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Standard: Central Banks Remain Gold Buyers; Indian Demand Picks Up

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Central banks remain noted gold buyers and there are signs of demand picking up in India, says Standard Chartered Bank. Gold prices have fallen lately, which the bank blames on U.S. dollar strength. “Physical demand will be key to tracking how solid the floor for prices is, but in the seasonally slow period for demand, it will likely be fragile,” Standard says. “The exception here is potential demand growth in Turkey amid political and economic uncertainty. In an environment lacking strong investment demand, physical demand sets the price. But not everyone is selling gold – central banks added to reserves in May, demand in India has shown signs of life, and risk reversals suggest there is some hesitant appetite to establish long positions.” Gold prices started to edge lower in May and India’s gold imports rose by 36% that month compared to April, Standard says. Imports were down 31% year-on-year. However, Standard says, “If demand does pick up significantly counter-seasonally, inventory will likely be depleted quickly, pushing local premia higher.” Meanwhile, International Monetary Fund data show that central banks continued to add to their gold reserves last month, Standard says. Russia was the largest buyer, adding 18.4 tonnes, taking year-to-date purchases to 89.5 tonnes.

By Allen Sykora of Kitco News; asykora@kitco.com

 

SP Angel: Future Gold Supply Declining, ‘Not Really A Substitute’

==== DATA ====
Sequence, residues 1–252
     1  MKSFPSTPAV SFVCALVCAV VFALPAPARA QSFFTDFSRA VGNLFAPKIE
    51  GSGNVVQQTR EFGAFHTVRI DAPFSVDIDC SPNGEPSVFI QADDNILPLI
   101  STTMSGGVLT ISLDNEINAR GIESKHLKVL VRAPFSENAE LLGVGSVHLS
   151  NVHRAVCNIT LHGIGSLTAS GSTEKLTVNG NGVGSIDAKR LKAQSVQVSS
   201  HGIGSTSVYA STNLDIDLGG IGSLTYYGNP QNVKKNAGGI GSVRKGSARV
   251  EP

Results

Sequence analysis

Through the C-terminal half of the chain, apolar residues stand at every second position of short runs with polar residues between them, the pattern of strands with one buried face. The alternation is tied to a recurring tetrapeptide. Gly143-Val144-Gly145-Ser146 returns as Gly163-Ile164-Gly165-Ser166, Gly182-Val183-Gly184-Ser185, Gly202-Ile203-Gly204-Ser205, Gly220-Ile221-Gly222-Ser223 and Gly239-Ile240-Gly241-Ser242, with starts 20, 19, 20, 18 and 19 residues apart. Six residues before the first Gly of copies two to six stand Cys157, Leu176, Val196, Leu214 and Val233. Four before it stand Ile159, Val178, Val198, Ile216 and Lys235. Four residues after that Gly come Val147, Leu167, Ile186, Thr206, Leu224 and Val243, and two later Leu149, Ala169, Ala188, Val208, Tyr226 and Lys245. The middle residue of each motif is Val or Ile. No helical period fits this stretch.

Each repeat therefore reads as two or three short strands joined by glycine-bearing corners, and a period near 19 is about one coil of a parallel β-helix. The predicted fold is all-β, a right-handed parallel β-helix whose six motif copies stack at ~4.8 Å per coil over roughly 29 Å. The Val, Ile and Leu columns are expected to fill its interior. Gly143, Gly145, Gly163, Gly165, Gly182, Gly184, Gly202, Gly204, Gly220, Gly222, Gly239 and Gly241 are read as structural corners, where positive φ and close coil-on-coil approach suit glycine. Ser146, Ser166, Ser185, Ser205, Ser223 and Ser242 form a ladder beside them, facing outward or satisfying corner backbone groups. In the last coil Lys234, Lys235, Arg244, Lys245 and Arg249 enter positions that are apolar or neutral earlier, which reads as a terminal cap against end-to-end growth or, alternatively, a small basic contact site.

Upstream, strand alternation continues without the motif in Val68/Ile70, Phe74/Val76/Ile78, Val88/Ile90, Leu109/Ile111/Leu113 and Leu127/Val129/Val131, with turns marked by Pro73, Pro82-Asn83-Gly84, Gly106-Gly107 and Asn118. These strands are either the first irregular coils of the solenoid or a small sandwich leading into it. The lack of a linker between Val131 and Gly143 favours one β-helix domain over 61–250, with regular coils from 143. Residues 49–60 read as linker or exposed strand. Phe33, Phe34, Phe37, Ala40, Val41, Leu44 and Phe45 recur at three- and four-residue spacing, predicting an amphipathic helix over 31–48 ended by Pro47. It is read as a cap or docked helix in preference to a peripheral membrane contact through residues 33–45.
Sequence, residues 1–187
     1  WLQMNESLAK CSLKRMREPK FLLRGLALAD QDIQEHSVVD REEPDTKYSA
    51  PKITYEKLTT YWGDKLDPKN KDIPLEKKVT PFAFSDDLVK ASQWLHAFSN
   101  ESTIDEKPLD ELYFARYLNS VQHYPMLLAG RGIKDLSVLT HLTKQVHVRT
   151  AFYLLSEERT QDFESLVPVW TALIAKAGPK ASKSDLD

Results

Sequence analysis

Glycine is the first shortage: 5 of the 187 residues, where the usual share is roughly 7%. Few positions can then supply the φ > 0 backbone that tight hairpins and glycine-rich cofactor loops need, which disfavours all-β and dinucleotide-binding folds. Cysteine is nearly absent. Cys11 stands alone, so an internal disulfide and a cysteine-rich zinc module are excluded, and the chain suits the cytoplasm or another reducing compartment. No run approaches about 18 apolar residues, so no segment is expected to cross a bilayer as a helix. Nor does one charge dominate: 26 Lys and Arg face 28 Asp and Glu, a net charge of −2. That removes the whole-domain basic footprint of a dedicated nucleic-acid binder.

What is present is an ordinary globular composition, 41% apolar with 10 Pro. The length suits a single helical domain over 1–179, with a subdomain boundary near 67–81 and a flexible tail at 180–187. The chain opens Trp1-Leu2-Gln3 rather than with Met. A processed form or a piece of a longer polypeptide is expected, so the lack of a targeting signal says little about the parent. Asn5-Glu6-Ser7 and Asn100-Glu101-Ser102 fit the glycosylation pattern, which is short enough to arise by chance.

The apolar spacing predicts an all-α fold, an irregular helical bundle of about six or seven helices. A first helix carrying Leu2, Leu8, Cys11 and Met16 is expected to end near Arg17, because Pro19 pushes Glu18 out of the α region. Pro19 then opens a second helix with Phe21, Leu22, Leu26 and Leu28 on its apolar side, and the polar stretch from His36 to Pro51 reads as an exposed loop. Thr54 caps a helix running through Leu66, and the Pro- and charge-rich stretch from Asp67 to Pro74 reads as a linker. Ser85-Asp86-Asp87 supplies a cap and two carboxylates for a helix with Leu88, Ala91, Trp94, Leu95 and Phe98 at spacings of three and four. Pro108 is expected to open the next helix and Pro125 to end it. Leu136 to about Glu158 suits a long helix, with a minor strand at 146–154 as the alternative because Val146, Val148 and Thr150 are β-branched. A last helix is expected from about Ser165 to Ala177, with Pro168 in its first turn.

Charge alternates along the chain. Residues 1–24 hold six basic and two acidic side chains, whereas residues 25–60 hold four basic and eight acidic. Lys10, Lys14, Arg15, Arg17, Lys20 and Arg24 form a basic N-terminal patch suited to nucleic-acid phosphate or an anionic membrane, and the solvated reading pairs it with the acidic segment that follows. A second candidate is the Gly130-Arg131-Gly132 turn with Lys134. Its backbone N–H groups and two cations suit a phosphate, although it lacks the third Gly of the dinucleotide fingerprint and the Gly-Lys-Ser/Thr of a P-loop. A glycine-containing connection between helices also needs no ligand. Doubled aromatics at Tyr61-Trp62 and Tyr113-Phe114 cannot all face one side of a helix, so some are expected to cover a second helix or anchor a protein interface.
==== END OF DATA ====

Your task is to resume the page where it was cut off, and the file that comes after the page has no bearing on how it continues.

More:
Thursday July 12, 2018 09:47

Commodities brokerage SP Angel says comments from gold producers suggest that the future supply of freshly mined metal may be limited.  “When 'peak oil' started becoming a problem 10 years ago, the industry developed new fracking and horizontal drilling technologies,” the firm says. “And other industries, like solar and wind, began developing better substitutes for oil. But there's not really a substitute for gold. And the biggest players in the space are saying we're running out.” SP Angel lists comments to this effect from several mining executives. The firm quotes Rudy Fronk, chairman and chief executive officer of Seabridge Gold, as saying last month: "Peak gold is the new reality in the gold business with reserves now being mined much faster than they are being replaced." SP Angel quotes Nick Holland, CEO of South Africa's Gold Fields, as saying: "We were all talking about how production was going to increase every year. I think those days are probably gone." SP Angel also quotes Kevin Dushnisky, president of Barrick Gold Corp., as saying: "Falling grades and production levels, a lack of new discoveries, and extended project development timelines are bullish for the medium- and long-term gold price outlook."

By Allen Sykora of Kitco News; asykora@kitco.com

 

RBC’s Gero: Open-Interest Data Suggest More Bears

Thursday July 12, 2018 09:47

Comex gold is attempting to stabilize after recent data show the number of open futures positions has risen, suggesting more bearish traders (also known as shorts), says George Gero, managing director with RBC Wealth Management. For now, he says, gold is attempting to rally, facing headwinds from a stock-market recovery but helped by a crude-oil rebound. As of 9:33 a.m. EDT, Comex August gold was $1.40 higher to $1,245.80 an ounce. Gero says the precious metal is “still looking for leadership as funds have been sellers lately. Many bears lately [have] shown [up] in open interest and options numbers.” He notes open interest has been rising as prices moved lower recently, meaning “there are plenty of shorts now.”

Disclaimer: The views expressed in this article are those of the author and may not reflect those of Kitco Metals Inc. The author has made every effort to ensure accuracy of information provided; however, neither Kitco Metals Inc. nor the author can guarantee such accuracy. This article is strictly for informational purposes only. It is not a solicitation to make any exchange in commodities, securities or other financial instruments. Kitco Metals Inc. and the author of this article do not accept culpability for losses and/ or damages arising from the use of this publication.

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